As expected, the fish were small, but beautiful:
Okay, back to the headliner:
We continued to catch nice brookies and revel in the spectacle of the lake:
We saw a couple of bull elk on the way out, neither of which wanted their photo taken.
As if we hadn't seen enough of the beautiful country, watching the badlands below us glow in the remaining daylight was also rewarding.
Another good trip in the books.
My family and I took another quick local hike to the cliffs of Dry Canyon, overlooking Utah Valley. We came for the sunset and weren't disappointed.
We saw some neat fossils too:
I find that ring intriguing. It almost looks threaded.
A great night!
For the last day of spring, Holdsworth and I chose to keep the 10K theme alive by hiking our tubes into a lake in the High Uintas.
The route provided splendid scenery and a few small fish.
Aaron briefly met a little buddy:
Once we arrived, our patience was tested by the fish, who weren't very eager to bite. It took awhile, and some missed bites, but a good sized tiger trout was first to cooperate:
Aaron got one that size as well. At almost 18" those are hogs by normal Uinta standards.
A smaller tiger and a couple of brookies also came in before I beached the tube to explore a nearby pond I'd seen on the maps.
No fish. S'aright.
Meanwhile, Aaron had kicked around the whole lake, catching a couple of brookies in the process. It's a great feeling sit back on a float tube and enjoy life above 10,000ft.
Another dry spell ensued before I noticed something that followed my jig up to the tube before biting. I saw a golden flash and set to the hook to a magnificently marbled male tiger trout of 20 inches.
What a beast for the Uintas! Heck, that's a nice fish for any lake.
About two hours passed before I hooked my next fish, a 16" brookie:
Another fish operating outside the Uinta blueprint. It's nice to know they're out there.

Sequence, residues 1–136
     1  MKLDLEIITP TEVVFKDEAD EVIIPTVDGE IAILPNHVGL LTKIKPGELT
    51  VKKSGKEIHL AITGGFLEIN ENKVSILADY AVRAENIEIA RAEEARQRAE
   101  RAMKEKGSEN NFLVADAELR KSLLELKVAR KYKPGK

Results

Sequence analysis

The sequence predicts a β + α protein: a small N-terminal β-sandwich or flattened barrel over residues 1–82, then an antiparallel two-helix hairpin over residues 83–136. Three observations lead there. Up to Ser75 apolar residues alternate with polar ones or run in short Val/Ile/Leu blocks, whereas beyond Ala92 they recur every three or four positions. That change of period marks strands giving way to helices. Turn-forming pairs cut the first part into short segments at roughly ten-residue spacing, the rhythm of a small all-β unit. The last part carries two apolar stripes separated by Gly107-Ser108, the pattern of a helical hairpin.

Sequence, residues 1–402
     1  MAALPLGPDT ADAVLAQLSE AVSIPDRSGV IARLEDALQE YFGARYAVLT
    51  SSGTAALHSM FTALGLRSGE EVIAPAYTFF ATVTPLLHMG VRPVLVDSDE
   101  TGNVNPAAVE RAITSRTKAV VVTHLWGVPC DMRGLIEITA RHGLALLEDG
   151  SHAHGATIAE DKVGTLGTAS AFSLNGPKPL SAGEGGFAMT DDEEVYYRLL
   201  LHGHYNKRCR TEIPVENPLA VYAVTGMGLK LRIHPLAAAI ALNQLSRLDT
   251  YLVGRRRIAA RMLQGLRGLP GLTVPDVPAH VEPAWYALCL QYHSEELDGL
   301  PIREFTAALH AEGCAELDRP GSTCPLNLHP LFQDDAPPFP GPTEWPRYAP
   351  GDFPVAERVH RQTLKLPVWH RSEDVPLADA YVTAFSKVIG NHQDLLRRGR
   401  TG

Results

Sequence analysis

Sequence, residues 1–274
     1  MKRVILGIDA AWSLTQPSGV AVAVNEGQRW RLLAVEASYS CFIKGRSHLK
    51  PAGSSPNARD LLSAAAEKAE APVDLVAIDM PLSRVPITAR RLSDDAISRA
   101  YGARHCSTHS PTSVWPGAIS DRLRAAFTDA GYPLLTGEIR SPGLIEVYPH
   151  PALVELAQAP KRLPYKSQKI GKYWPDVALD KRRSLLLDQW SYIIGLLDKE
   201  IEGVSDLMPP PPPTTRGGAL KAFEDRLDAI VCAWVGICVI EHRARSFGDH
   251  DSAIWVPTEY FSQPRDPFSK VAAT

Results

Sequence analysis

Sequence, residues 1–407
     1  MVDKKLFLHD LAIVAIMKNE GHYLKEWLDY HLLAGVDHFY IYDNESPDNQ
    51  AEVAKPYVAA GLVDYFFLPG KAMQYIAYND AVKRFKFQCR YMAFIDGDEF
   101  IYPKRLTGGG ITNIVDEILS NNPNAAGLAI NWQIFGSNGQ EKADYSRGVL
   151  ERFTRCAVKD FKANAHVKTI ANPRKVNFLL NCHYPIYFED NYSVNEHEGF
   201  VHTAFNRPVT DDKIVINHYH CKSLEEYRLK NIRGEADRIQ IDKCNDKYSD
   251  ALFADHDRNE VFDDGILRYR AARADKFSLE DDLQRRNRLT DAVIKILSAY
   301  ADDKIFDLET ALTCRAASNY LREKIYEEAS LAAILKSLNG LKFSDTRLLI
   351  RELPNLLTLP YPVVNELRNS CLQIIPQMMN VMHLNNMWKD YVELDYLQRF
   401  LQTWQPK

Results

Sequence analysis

Before ending our float, I threw a cast next to a floating log by shore and as soon as my jig hit the water, a strong thump set my hook for me. Another good battle was unfolding.
It actually took a couple of minutes to bring in this angry tiger.
Another big guy. I hope to see it again someday.
What a great place!
We got out of there before too long, determined to get back to the car before dark. Aaron had to pick on some small stream brookies on the way out.
It was a wonderful trip and it's great to see fish with size in the Uintas. There are surely plenty of other lakes holding impressive fish, so it's just a matter of time before I find more.
Why not go jogging, hit the gym, start a garden or whatever it is that normal humans do? What's so fascinating about these slimy little creatures that live in the water?
Fishing is a bit more to me than a hobby or a sport. It's an essential part of life that helps me connect with the Earth in ways similar to the long-practiced traditions of mankind. Wherever man has had a water source, there has been fishing.
This is a photo of my kitchen blinds, through the bottom of a drinking glass.
Collect Neat Stuff?
Relic Mercantile might have just what you're looking for.
Travis Sylvester, of Travzart.com
Travis Sylvester is a local Utah artist, whom I've known for a few years. His artwork is sensational and he seems to improve with every new piece. He reproduced one of my cutthroat photos in colored pencil and it turned out great. Check out his website and click this pic.
While Googling trout images one day, I stumbled upon some art by A.D. Maddox and became a fan right away. Photos link to her site.